Next year's Oscar ceremony would do itself a favor by honoring Monroe with a special film segment. Despite some brilliant work, she was never nominated for an Academy Award. (However, if the Academy refuses to honor the still living Doris Day...)

Are the masses attracted to her films, her stunning photo sessions, the scandals concerning her life and death? No matter. Norma Jeane gathers fans generation after generation.

She is Hollywood. And, yes, I use the present tense.

THERE I was in the restaurant that money and power built, the Four Seasons on East 52nd Street -- with my longtime pal, Jess Cagle. You've seen this cutie on television for ages and he is the newly appointed chief of People magazine. We were with ace New York Times reporter, Philip Galanes, who was a show biz attorney for Lincoln Center before he nabbed this byline. Cagle told me some out-of-school stories about my friend Elaine Stritch. (One is that when the stars of "A Delicate Balance" were provided with only one car for the actors to take them home after the show each performance, Elaine always nabbed the car first and left her co-stars hanging by their thumbs.)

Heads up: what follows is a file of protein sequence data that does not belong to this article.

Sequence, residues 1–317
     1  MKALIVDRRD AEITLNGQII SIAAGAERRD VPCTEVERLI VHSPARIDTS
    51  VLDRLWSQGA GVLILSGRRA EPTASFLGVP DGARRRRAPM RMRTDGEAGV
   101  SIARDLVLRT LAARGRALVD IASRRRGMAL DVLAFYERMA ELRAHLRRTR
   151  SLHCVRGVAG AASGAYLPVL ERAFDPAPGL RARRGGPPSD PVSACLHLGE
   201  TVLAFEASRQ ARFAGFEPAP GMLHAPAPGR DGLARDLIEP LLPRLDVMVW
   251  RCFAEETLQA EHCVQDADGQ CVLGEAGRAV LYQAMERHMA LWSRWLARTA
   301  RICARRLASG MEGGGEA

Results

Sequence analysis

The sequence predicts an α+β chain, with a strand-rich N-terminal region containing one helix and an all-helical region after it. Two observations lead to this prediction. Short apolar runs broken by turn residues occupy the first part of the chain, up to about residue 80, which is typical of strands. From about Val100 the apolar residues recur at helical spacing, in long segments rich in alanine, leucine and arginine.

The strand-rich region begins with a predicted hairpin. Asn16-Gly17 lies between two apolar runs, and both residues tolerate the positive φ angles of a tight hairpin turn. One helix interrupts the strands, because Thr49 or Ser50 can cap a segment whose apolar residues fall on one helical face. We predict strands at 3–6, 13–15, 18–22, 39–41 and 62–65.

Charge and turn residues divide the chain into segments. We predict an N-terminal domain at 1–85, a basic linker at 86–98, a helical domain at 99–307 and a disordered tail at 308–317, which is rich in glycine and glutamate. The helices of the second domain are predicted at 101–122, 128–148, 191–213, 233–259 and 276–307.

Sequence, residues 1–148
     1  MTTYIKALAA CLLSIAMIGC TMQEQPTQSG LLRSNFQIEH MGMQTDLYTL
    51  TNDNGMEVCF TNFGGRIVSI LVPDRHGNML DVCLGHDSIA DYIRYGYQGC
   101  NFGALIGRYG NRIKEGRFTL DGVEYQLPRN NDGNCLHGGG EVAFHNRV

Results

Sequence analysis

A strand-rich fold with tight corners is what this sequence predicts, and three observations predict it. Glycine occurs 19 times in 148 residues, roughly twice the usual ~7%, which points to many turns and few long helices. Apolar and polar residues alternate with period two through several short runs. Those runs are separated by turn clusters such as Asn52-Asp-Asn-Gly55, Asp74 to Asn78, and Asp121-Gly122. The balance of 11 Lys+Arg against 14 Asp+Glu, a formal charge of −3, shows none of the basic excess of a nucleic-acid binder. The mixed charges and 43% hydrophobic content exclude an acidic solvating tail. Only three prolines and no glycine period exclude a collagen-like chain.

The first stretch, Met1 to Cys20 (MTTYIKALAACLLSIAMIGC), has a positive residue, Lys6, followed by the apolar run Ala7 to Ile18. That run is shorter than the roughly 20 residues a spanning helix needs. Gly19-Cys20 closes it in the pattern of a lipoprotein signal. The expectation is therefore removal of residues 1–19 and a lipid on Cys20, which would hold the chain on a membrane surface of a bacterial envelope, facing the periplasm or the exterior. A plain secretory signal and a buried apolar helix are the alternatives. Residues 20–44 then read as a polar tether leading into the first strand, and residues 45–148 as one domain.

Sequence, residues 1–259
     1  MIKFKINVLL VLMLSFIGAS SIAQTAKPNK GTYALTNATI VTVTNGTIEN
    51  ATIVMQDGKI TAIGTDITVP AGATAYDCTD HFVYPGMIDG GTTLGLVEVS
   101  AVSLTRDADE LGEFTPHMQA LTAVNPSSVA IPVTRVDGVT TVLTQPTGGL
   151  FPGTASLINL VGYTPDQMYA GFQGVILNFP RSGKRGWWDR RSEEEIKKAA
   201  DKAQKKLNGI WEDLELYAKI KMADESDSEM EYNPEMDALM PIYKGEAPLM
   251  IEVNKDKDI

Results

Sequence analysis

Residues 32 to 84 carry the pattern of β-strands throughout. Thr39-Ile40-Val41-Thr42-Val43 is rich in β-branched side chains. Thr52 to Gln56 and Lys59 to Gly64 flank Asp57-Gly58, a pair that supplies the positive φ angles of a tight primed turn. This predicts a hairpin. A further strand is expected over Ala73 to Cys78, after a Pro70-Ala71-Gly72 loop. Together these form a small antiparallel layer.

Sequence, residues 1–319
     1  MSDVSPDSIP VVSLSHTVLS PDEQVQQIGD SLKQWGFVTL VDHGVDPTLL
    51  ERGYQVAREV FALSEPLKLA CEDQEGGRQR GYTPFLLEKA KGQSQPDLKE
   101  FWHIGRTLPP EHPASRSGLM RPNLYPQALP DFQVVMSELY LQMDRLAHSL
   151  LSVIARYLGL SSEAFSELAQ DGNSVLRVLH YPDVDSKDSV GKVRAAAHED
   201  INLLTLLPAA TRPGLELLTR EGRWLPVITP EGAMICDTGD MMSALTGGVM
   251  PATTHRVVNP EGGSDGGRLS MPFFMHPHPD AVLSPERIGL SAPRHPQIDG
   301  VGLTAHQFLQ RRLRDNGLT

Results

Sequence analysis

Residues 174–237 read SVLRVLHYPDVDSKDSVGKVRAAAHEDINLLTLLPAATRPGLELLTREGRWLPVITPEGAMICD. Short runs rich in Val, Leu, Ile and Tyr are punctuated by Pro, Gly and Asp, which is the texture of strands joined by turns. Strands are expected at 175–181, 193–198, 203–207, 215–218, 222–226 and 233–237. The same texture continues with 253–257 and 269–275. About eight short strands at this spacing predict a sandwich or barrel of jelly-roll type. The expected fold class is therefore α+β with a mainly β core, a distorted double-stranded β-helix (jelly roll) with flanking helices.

Friend Jess is one of the rare intelligent personages on the red carpets of the world; he is allowed backstage and has seen every Oscar night. But did Jess tip either me or Philip to the "news" that his popular magazine would announce later that same day that it was going to stop buying and using photos of children of the famous? He did not! Not tipping your hand in the entertainment world is a given.

Jess Cagle is young and attractive, having covered show biz for only two decades.

On the other hand, yours truly has been at it for six decades. It's still fun -- the glamour, the gossip, the inside stories.

SO SANDRA Bullock, who mostly looks terrified or is going on about missing her little girl while lost in space, is going to earn $70 million from appearing in "Gravity." No wonder so many people, talented and otherwise, want to get into show business!

Even Donald Trump got into show business. And the Obamas seem to be in it now themselves.

ENDQUOTE: "He's so masculine, isn't he?" asked late-night comedy mistress Chelsea Handler of Liam Neeson. (Chelsea was chatting with Neeson's co-star, Michelle Dockery, in the current air-borne thriller, "Non-Stop.")

Dockery, who also appears with Julianne Moore and this year's Oscar nominee Lupita Nyong'o in the movie, concurred on Liam's masculinity, adding, "He's huge. Massive. Such a nice guy, but huge."

Dockery, famous as "Downton Abbey's" oft-brittle Lady Mary, says Liam's size made it easier for her to get into character and trust him. (He's the hero, of course!)

I remember meeting Liam years ago with Natasha Richardson. They were co-starring in "Anna Christie" on Broadway. When Neeson walked into Natasha's dressing room, his presence was overwhelming. It was easy to see they were mad about each other, though that story hadn't broken yet, and both were as discreet as their passion allowed, in front of a columnist.

(E-mail Liz Smith at MES3838@aol.com.)